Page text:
The gorilla in the room in all school foreign language departments is TPRS. It may be accurate to say that John Bracey most dramatically lives what we all live with the colleagues in our buildings, but we are all to some degree in his situation. Little nuances of tension and conflict in our buildings are daily swept under the rug. Our teaching lives suffer which carries over into our personal lives, and nothing changes.
Those nuanced levels of communication don’t seem dangerous, but they are. If not addressed, a small crack in a building can only become bigger. Curriculum directors, if they are doing their jobs, feel the tension but usually don’t know how to deal with it (nor should they – we are the language professionals who should help them guide us), but if the cracks are not repaired they can bring the building down, so they are necessary to find and repair, as in any building.
The core of TPRS is that people learn languages in a completely different way than they learn other subjects, by going from the specific to the general. This is called staying in bounds and sheltering vocabulary but not grammar. But all curriculum maps and scope and sequence documents, by first identifying long lists of words or grammar concepts to be “learned”, go from the general to the specific.
Once the holy grail of the Scope and Sequence list is created (some from the tables of contents of books and not from actual research about how people learn languages!), teachers then begin figuring out ways to “teach” it. But not really, since they have the textbook to do that for them. But languages cannot be taught from books. Because language acquisition is not a conscious process. So the kids don’t learn anything. And the beat goes on. Worksheet after worksheet. Memorized dialogues in hallways after memorized dialogues.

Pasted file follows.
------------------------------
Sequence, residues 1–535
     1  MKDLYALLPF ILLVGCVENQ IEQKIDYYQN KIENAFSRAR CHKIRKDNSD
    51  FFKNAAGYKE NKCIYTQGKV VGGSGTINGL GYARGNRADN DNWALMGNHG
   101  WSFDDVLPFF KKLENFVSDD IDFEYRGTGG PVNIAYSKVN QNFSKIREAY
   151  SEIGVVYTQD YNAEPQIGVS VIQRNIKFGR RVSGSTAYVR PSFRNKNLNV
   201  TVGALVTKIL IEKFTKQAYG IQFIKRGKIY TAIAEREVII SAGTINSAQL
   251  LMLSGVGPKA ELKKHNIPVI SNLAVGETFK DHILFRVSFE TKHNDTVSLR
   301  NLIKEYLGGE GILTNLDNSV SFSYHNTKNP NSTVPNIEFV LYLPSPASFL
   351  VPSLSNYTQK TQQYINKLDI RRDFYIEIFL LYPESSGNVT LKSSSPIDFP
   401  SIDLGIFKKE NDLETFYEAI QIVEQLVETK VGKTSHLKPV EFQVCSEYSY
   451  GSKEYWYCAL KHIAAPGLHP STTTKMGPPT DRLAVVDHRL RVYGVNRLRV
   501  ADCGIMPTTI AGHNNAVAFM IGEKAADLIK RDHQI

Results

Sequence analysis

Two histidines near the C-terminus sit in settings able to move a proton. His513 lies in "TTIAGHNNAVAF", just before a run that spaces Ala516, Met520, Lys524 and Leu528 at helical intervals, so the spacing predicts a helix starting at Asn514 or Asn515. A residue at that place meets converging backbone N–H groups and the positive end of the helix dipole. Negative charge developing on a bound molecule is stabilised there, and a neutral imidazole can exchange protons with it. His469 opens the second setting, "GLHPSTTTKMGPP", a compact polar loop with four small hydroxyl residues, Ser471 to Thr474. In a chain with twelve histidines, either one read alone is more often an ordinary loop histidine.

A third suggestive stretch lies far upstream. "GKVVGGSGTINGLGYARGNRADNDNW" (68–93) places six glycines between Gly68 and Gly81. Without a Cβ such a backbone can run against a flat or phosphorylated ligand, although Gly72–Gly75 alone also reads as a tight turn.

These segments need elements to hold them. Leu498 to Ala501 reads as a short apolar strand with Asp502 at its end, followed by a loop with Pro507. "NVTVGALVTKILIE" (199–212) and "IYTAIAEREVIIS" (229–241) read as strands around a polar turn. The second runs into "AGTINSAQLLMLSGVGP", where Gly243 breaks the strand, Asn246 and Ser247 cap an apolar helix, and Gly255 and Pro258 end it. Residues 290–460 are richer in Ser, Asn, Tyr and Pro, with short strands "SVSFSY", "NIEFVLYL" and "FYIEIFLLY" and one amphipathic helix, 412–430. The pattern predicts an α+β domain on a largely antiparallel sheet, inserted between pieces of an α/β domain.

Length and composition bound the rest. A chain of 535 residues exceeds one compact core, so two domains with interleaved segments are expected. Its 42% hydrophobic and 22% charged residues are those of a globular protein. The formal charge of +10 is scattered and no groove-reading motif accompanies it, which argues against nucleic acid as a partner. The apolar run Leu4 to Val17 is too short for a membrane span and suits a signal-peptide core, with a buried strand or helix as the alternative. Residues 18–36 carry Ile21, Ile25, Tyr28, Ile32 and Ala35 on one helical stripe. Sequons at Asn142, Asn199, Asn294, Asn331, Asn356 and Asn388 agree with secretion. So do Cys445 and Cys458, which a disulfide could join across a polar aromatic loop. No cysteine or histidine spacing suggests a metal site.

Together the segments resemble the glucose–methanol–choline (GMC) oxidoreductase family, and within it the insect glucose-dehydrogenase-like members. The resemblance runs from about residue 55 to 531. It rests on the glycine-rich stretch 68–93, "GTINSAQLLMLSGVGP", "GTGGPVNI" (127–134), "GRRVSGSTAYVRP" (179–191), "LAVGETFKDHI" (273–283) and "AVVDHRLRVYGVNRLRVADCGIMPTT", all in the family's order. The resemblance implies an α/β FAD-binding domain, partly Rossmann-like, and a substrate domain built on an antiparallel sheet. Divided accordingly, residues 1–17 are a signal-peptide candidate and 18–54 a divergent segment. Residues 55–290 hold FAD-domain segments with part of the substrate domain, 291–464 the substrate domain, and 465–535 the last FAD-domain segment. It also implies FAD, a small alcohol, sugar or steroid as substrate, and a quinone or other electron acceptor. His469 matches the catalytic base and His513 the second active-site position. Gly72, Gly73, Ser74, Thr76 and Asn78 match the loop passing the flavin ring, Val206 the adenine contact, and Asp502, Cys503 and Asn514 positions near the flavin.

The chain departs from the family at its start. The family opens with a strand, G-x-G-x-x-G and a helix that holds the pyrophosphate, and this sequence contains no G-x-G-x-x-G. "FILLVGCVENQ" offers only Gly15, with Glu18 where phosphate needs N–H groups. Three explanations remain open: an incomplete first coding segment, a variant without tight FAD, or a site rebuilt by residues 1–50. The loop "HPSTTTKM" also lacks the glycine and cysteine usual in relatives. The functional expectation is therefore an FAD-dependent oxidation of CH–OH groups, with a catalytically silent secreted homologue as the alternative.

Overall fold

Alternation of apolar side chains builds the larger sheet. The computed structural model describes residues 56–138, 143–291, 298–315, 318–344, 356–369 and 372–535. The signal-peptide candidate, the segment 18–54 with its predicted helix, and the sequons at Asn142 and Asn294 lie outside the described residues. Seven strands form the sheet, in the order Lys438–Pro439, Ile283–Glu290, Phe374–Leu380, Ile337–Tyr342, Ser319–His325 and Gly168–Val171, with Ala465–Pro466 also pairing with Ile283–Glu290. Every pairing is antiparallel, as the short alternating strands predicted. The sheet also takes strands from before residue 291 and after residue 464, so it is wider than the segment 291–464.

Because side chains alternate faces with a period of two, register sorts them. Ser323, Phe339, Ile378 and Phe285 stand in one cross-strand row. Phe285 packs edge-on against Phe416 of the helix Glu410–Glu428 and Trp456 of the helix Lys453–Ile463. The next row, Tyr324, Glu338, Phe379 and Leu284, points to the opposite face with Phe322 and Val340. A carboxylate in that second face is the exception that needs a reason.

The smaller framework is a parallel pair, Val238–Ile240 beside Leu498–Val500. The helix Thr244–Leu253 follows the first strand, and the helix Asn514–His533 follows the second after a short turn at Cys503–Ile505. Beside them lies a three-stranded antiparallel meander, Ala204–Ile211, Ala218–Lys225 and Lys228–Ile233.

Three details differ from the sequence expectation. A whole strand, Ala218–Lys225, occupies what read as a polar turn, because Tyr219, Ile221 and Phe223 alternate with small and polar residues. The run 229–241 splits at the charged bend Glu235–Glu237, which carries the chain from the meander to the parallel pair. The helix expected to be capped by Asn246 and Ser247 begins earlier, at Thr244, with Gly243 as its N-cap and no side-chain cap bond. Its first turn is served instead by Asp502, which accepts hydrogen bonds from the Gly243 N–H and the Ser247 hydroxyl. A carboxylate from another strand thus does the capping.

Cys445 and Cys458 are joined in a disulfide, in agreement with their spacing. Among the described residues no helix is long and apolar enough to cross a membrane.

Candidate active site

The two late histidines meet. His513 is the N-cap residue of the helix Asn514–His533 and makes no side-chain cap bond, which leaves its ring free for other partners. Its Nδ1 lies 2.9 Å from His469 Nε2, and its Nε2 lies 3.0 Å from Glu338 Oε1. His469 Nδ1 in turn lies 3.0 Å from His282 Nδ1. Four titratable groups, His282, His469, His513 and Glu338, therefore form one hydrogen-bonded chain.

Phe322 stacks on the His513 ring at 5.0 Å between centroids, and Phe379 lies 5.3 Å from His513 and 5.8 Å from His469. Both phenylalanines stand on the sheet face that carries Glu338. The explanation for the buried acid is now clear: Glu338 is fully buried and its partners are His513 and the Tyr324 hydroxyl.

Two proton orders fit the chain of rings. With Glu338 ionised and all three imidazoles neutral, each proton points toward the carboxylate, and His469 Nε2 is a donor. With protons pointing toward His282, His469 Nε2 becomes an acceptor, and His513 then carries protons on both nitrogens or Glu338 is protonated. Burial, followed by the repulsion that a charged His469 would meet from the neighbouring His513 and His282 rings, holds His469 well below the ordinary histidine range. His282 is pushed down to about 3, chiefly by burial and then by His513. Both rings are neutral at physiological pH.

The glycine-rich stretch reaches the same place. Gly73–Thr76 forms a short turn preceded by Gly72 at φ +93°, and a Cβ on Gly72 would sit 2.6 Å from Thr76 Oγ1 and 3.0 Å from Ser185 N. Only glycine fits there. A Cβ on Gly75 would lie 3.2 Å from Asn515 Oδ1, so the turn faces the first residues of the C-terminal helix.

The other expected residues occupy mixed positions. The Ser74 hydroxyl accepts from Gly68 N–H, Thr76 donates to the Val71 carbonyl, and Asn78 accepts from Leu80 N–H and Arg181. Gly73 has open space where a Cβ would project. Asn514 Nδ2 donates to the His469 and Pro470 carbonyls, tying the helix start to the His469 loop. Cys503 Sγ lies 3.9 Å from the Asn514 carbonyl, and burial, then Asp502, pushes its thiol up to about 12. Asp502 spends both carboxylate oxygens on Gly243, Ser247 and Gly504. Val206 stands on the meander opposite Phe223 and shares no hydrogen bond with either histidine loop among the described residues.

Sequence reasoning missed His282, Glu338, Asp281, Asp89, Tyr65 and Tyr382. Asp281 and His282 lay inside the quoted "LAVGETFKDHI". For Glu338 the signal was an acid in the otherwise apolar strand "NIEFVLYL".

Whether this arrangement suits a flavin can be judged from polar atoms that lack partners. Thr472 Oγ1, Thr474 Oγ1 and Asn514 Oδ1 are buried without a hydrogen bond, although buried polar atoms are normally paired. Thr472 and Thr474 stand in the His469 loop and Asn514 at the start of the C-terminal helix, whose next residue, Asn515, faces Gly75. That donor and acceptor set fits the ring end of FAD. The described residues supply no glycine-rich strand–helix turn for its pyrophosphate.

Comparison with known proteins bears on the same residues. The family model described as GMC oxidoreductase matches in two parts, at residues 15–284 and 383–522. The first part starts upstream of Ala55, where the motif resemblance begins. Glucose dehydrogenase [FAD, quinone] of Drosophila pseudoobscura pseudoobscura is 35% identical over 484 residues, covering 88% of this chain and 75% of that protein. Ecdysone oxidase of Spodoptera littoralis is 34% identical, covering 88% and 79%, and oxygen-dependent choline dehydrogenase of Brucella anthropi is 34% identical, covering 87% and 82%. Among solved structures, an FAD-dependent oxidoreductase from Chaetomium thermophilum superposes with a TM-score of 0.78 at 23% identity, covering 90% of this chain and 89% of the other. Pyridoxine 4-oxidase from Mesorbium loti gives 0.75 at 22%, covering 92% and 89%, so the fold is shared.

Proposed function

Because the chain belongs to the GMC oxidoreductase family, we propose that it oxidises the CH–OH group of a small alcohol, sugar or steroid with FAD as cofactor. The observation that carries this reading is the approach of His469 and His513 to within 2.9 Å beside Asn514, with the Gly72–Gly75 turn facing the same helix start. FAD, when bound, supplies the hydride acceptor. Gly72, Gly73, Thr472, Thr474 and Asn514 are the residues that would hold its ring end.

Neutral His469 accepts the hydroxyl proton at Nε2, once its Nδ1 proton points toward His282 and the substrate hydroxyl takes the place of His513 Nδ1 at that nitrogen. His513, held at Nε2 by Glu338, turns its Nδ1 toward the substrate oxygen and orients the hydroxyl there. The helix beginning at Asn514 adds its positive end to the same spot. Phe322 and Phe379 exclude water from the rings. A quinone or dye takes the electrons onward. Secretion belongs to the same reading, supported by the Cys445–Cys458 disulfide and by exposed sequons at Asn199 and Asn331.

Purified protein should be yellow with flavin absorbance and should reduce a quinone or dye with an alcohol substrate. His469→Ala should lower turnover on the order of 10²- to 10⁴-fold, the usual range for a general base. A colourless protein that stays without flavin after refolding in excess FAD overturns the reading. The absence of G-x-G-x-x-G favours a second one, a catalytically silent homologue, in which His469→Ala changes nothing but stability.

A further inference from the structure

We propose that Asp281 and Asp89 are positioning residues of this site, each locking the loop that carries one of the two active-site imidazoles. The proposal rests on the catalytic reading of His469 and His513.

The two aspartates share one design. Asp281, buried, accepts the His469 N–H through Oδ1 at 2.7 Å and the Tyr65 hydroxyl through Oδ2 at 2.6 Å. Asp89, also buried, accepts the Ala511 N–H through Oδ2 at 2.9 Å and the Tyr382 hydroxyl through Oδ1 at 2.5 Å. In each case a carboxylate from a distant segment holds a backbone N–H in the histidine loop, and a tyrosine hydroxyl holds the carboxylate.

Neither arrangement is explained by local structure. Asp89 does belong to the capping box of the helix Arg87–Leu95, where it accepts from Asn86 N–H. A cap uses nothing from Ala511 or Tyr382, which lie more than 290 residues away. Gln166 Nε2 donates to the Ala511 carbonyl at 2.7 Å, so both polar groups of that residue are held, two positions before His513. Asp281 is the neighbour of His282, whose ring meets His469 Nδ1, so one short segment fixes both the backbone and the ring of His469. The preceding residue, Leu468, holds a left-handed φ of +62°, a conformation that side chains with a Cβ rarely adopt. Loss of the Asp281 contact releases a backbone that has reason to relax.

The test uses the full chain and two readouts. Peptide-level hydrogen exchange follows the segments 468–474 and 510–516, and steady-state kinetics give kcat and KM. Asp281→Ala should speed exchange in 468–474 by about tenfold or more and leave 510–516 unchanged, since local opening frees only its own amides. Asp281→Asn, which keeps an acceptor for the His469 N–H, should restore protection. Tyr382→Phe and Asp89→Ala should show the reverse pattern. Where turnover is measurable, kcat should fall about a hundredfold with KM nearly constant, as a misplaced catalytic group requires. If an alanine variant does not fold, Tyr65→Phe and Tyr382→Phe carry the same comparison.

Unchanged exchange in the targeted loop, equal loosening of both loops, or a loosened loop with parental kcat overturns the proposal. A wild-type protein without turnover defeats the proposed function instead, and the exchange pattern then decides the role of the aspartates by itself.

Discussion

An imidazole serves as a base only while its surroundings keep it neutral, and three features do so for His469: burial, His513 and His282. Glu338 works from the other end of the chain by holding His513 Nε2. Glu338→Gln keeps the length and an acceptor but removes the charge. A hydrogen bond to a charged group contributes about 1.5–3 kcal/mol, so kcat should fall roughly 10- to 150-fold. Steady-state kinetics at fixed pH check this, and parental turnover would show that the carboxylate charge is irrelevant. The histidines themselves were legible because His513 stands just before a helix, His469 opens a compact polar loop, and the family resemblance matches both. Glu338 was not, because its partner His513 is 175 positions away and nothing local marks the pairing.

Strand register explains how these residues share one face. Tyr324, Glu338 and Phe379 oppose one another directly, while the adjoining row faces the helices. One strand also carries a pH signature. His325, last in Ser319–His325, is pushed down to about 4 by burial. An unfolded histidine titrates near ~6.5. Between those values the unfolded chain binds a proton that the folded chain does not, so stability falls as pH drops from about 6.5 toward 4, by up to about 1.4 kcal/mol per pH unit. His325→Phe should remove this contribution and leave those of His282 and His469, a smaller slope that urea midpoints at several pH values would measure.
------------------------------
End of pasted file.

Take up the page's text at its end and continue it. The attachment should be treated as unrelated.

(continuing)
Now that we know that language acquisition is about going from the specific to the general (we take a few words and expand on them to create a sea of input which feeds the unconscious language machine of the brain to result in real acquisition), and then bring that fact to the vertical alignment table, immediately that tension with our colleagues is there and the cracks in the building cause great stress on everyone in the building and then everyone goes back into their classrooms and shuts their doors and waits to endure the next awkward vertical alignment meeting three months later, never daring to speak honestly with each other.
This stasis prevents the vertical alignment teams within our buildings from communicating. People who don’t known how to talk to each other about important ideas in education are not educated themselves and cannot grow together.
In our work we have to agree on the “how” before we agree on the “what” – the reverse of other subject areas. I personally can no longer fake trying to design my own personal instruction from lists of words.
Sports teams that can’t work together by embracing a common “system” (offense or defense) always lose. The teams with “chemistry”, in which the moving parts of the group actually fit together, win.
We have dozens of articles on this topic. Robert Harrell has written on Scope and Sequence in a few of the primers above. I just can’t fake discussions with colleagues in vertical alignment meetings anymore. It’s the Krishnamurthy quote I mentioned here yesterday:
“It is not a measure of health to be well-adjusted to a sick society.”
Sorry if this offends. It’s my truth as a language professional.
Admins don’t actually read the research. They don’t have time. If or when they do read it, they do not really grasp it. How could